Lost boaties: 'Critics can stick it, we had an adventure'
When Tony Higgins saw an old wooden boat advertised for eight grand on the noticeboard at the Goolwa supermarket, he knew he had to have her.
The 33-foot Magrel was solid jarrah and built by famed Port Lincoln-based Finnish boatbuilder Axel Stenross in 1956. In short, she had some pedigree.
The 57-year-old builder and fisherman could see her potential, could see sunny days on the Lower Lakes.
What he couldn't see was the fact he'd spark the biggest air-sea search in South Australian history.
That search, Mr Higgins maintains, was unnecessary, as he and his mate and deckhand, Derek Robinson, were never in serious trouble and never asked for assistance.
And he has a blunt message for those critical of his actions.
"Yeah, they can stick it up their arse," he laughs.
"Honestly though, they need to get a life and spend a bit less time critiquing people from an armchair. I went and bought a boat. How else was I going to get it back? Fly it?
"People have been punching around the ocean for thousands of years. They never had anyone to go out and rescue them, and I never expected anyone to look for me. I'm self-sustaining and if I f..k it up, then I have to pay the price."
But there were no stuff-ups, Mr Higgins says, just some bad luck involving the Magrel's propeller and a few changes of plan.
The skipper says he and Mr Robinson weren't far out of Coffin Bay last Thursday when they hit something on the surface and snapped a blade off the prop.
"We hit a turtle, a submerged log, whatever it was, and took a blade off," he says.
"That took us down to half speed - two-and-a-half or three knots (4.5km/h-5.5km/h). We were still in phone range, so I got hold of a mate and said 'look, this is what's happened, we're going to kick it into low, go at half speed and take double the time. Everybody chill out and I'll see you on the other side'."
That's not what happened, though. Instead, alarms were raised when nobody had heard from the pair after two days, triggering a huge air and sea search involving the Royal Australian Air Force and Australian Maritime Safety Authority. Mr Higgins says he had considered returning to Coffin Bay or diverting to Port Lincoln after damaging the propeller.
"Once I started that was it," he says. "I had a weather window, and if you have a plan then you always have a contingency plan, and then another one, just in case."
He does admit, however, that the Magrel's course beneath Kangaroo Island wasn't part of the original plan.
"Because we were travelling at such a slow rate, I though instead of going through the (Investigator) Strait, where there are so many things to run into, that we'd just go along the bottom," Mr Higgins says.
"So we got a compass bearing and just went all night."
The pair planned to finish the voyage by taking the old vessel through the Murray mouth and into Goolwa, but they overshot the mark and instead found themselves further to the south-east, near Salt Creek.
"We popped up about 60km south of Goolwa, and I'm not bragging or anything, but I don't reckon that's a bad effort," Mr Higgins says.
And he admits that tackling the notorious Murray Mouth in a boat at half power was never a realistic option.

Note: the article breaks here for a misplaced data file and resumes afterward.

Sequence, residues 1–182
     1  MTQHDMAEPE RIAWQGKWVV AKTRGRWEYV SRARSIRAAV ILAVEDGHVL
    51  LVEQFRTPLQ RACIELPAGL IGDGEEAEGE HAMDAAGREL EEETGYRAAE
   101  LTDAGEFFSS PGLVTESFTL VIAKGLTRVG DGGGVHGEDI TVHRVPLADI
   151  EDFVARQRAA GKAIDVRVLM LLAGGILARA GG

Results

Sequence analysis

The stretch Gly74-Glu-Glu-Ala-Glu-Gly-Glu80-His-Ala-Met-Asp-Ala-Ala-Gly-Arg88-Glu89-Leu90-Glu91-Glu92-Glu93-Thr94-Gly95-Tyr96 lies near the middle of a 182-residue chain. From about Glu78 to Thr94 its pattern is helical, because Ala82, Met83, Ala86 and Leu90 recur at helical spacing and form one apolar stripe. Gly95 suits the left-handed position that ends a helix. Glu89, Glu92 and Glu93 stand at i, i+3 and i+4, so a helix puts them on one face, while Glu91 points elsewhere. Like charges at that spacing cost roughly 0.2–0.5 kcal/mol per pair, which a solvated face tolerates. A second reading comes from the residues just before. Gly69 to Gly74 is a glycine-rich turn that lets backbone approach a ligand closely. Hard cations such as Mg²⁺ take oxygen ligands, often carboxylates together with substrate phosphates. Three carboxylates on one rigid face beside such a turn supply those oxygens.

"Not with three blades on the prop, we wouldn't have got into the river," Mr Higgins says. "You really have to pick your day and yesterday wouldn't have been one of them. You need a few gee-gees going through there. You don't want to be buggerising around, you'll do yourself a mischief."
Mr Higgins met Mr Robinson, who works at Woolworths in Goolwa, about six months ago and he jumped at the chance of an ocean adventure with his new mate.
"He's never been to sea in his life, so I threw him in the deep end," he says.
"But I have to tell you, he was a deadset champion."
Mr Higgins fell in love with the sea after a shearing mate convinced him to take a job on a scallop boat out of Geraldton, WA, in the early 1980s. "That first time out on that scallop boat I thought, 'this is it'," he says.
"From then on, I've been all around Australia fishing for prawns, scallops, tuna, you name it. The only state I haven't fished in is actually my home state of South Australia."
He loves the sense of solitude that can only be found on the ocean.
"I even said to Derek one night out there, 'you know what, Derek, this is what I love about the ocean - the whole f..king world could blow up and you'd never know'," Mr Higgins says.
"Well, sure enough, that's exactly what happened."
The first Mr Higgins knew of the huge search was when his phone started pinging with text messages once he'd sailed back into mobile range on Thursday morning.
"I saw that and I thought, 'jeez, I wish I was closer to the river-mouth so I could just piss off in there!'," he laughs.
Mr Higgins has copped fines from SA Police for having an out-of-date electronic positioning beacon and flares on the boat and, ironically, for not having a recreational vessel licence.
"I have a Master Five (skipper's) ticket!" he says.
"I'm bloody over-qualified! Can you believe that? It's gold, isn't it? You have to laugh."
The father of two grown children, Mr Higgins says his kids and partner have become used to his adventures over the years.
"To be honest, if I'm not doing something crazy they'd be asking what the matter was," he laughs.
"My son's mother actually posted something on Facebook saying, 'can everyone support my son after the loss of his father' and I thought, 'Jesus, I'm cooked already!' That was a bit surreal."
As for the Magrel, Mr Higgins hasn't given up on his dream.
"There's a bit more caulking that needs to be done, and I need a new propeller now, but she just needs a bit of love," he says.
"She's a good old boat. I'll just be puttering around on the river on summer's days."
Originally published as Critics can stick it, we had an adventure